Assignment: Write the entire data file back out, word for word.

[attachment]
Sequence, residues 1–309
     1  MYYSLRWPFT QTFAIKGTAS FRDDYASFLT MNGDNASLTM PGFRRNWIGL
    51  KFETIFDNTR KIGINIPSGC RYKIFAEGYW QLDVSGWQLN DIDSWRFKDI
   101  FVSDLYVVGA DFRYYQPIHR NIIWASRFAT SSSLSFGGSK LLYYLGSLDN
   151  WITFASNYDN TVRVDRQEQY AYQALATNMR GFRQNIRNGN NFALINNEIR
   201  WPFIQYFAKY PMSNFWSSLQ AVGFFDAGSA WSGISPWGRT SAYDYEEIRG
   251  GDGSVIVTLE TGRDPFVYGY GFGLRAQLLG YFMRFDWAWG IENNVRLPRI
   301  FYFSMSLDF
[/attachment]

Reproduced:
Sequence, residues 1–309
     1  MYYSLRWPFT QTFAIKGTAS FRDDYASFLT MNGDNASLTM PGFRRNWIGL
    51  KFETIFDNTR KIGINIPSGC RYKIFAEGYW QLDVSGWQLN DIDSWRFKDI
   101  FVSDLYVVGA DFRYYQPIHR NIIWASRFAT SSSLSFGGSK LLYYLGSLDN
   151  WITFASNYDN TVRVDRQEQY AYQALATNMR GFRQNIRNGN NFALINNEIR
   201  WPFIQYFAKY PMSNFWSSLQ AVGFFDAGSA WSGISPWGRT SAYDYEEIRG
   251  GDGSVIVTLE TGRDPFVYGY GFGLRAQLLG YFMRFDWAWG IENNVRLPRI
   301  FYFSMSLDF